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After securing an initial agreement on Friday to move Brexit talks to a second phase, Prime Minister Theresa May is keen to start discussing future ties with the EU, and especially the type of trading agreement to try to offer greater certainty for businesses.
But despite Davis striking a confident tone, EU officials say they will only launch negotiations on a legally binding treaty after Britain leaves and becomes a "third country", according to draft negotiating guidelines.
"It's not that complicated, it comes right back to the alignment point ...
We start in full alignment, we start in complete convergence so we can work it out from there," Davis told the BBC's Andrew Marr show.
"The thing is how we manage divergence so it doesn't undercut the access to the market," he said, describing his preferred deal as "Canada plus plus plus".
But the UK economy is nearly twice the size of Canada's and British officials have said that their current alignment with EU standards and much closer trading links with the continent give them scope for an even deeper relationship.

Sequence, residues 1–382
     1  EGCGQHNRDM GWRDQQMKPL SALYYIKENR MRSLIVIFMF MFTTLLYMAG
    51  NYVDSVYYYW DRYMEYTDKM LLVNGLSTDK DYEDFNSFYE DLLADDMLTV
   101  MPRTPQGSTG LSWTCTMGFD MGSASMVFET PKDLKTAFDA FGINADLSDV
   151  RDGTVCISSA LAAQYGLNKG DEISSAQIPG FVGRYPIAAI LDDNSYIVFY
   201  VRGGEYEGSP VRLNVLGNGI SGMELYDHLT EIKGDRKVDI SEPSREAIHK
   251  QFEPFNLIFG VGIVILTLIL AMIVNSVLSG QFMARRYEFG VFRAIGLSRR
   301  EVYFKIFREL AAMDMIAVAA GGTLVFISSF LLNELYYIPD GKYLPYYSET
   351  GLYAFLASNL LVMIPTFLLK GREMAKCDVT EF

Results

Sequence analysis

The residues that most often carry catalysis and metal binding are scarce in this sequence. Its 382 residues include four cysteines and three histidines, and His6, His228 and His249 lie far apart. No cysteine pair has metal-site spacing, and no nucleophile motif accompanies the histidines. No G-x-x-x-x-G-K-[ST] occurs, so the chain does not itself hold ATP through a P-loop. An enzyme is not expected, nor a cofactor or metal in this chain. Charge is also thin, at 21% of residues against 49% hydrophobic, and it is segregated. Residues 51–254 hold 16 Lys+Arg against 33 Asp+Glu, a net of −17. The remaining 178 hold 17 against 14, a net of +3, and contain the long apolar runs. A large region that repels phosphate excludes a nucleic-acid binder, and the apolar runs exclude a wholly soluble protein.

May has been hailed by many in her deeply divided Conservative party for rescuing the agreement to unlock the Brexit talks by offering EU member Ireland and her allies in Northern Ireland a pledge to avoid any return of a hard border.
By playing with the wording, May agreed that if the two sides failed to agree an overall Brexit deal, the United Kingdom would keep "full alignment" with those rules of the EU's single market that help cooperation between Ireland's north and south.
Davis described the commitment as more of a "statement of intent" than a legally binding measure -- something that might reassure hardline Brexit campaigners who fear that it could imply that Britain was leaving the EU in name only.
Despite last week's progress, May will enjoy little respite. The second phase of talks is expected to expose the rifts in her top team of ministers over what Britain should look like once it leaves the EU.
On Saturday, environment minister Michael Gove, a Brexit campaigner, opened up the possibility of changing the terms of any agreement with the EU after Brexit if Britons felt that the deal had not reflected their demands to "take back control".
"If the British people dislike the arrangement that we have negotiated with the EU, the agreement will allow a future government to diverge," Gove wrote in a column in the Daily Telegraph.